Saturday, November 21, 2015



Greetings everyone and welcome back. Sir Run Run Shaw is back at us with a very interesting production and he has brought veteran director Yueh Feng with him. Along with his "shakey cam" Yueh Feng has visualized a wuxia film with a strong slasher/horror flavor to it, adding a tremendous amount of tension to the fight scenes. This unique blend of genres is given a subtle boost by rookie screen writer Chiu Kang-Chien first script that adds small details to some of the events in the movie that surprised at least me and gives the characters a lot more depth than the typical revenge movie. I just want to say right quick that a lot of movie hobbyist miss out on some interesting movies because they eliminate movies en mass because of what year they were released. That is a mistake. Right off the bat this movie has a lot going for it. Let's check out the plot.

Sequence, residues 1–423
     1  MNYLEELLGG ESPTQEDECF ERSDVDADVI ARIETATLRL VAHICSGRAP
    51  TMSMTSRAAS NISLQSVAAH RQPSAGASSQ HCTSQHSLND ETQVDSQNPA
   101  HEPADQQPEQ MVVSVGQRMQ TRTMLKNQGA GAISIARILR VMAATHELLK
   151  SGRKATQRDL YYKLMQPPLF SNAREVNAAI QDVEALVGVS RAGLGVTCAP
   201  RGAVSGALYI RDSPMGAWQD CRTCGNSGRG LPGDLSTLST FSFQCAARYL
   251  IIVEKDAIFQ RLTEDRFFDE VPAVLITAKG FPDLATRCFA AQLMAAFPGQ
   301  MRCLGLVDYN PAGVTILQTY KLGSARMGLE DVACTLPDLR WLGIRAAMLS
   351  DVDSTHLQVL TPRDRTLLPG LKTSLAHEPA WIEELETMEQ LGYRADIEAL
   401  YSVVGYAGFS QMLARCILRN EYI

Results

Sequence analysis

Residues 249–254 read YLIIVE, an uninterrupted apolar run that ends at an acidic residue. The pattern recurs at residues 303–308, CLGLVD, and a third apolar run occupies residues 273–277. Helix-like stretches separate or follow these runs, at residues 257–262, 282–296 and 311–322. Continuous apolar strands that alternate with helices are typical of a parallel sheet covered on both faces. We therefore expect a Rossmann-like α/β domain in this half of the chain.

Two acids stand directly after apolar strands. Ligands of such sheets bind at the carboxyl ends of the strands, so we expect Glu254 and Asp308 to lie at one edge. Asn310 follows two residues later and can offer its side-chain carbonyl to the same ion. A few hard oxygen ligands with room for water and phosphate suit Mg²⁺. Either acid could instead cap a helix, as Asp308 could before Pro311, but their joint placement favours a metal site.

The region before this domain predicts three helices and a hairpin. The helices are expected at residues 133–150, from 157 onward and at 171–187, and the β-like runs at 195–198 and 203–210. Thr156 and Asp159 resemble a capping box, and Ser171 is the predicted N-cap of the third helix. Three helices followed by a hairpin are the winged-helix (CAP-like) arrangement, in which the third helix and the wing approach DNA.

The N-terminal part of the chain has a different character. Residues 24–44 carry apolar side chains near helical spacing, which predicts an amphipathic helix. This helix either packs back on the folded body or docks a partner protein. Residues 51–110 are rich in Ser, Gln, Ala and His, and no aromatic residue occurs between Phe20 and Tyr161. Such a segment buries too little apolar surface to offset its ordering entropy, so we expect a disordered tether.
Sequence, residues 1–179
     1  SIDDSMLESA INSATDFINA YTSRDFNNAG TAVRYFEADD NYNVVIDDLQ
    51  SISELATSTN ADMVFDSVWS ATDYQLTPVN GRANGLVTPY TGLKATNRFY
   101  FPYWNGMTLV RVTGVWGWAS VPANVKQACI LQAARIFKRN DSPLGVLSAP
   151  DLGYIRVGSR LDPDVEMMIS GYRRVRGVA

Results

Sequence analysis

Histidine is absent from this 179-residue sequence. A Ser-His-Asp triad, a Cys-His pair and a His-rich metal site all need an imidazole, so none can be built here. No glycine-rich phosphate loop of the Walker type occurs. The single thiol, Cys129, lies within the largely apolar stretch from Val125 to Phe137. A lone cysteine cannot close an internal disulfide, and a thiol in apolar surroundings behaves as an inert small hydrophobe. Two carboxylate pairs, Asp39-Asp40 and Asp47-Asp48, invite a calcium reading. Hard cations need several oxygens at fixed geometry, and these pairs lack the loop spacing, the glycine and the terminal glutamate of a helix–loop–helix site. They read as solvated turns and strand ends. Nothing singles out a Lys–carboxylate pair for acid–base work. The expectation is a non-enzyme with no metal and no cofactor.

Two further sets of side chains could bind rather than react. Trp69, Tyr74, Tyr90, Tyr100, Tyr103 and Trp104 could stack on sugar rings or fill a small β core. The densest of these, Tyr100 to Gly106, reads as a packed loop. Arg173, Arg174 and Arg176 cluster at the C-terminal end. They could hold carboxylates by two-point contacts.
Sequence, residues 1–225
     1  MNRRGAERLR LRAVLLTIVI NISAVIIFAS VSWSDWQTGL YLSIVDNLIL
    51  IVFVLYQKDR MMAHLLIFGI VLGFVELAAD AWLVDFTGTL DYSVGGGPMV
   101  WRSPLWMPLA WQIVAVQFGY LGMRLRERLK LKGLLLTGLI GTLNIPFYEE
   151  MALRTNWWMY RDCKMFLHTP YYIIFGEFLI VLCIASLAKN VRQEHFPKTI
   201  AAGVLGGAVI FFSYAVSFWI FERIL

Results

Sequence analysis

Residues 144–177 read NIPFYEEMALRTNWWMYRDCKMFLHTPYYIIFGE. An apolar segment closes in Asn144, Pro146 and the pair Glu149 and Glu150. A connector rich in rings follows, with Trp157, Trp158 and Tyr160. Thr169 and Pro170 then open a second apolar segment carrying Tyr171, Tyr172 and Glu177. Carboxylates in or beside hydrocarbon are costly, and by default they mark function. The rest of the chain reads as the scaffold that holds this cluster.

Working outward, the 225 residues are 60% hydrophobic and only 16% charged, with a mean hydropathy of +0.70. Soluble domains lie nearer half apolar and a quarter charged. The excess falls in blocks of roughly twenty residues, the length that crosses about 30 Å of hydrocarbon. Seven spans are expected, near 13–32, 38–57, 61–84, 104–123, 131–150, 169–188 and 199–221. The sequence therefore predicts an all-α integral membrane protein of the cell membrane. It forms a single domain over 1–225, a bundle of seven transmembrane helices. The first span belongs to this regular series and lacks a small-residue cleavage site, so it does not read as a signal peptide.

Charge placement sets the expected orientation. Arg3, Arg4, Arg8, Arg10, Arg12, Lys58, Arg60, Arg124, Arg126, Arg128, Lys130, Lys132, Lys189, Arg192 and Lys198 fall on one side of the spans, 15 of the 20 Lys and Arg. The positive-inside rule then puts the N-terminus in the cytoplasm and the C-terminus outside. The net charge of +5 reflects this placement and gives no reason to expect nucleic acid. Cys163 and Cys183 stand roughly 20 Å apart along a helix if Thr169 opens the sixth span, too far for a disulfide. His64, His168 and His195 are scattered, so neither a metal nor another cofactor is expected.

Three ruffians on horseback are on their way to a town called Jiangbei but they lose their way and ask a young man atop a tree for directions. He is kind enough to give them directions but one of the three ruffians goes back to thank him by hurling three arrows at him. Fortunately the arrows are off their mark and he is unharmed. As the ruffians continue on they stop at a river and while they are enjoying the water they spot a young woman who seems to have just finished washing clothes. They frighten her away but they plot to track her down and have their way with her. Sure enough they reach her home and slaughter her mother, father and baby brother. As fate would have it the young man atop of the tree that gave the ruffians their directions to Jiangbei was the young woman's younger brother as well. When the young man reaches home and discovers the slaughter he is overcome with two emotions: grief and the desire for revenge.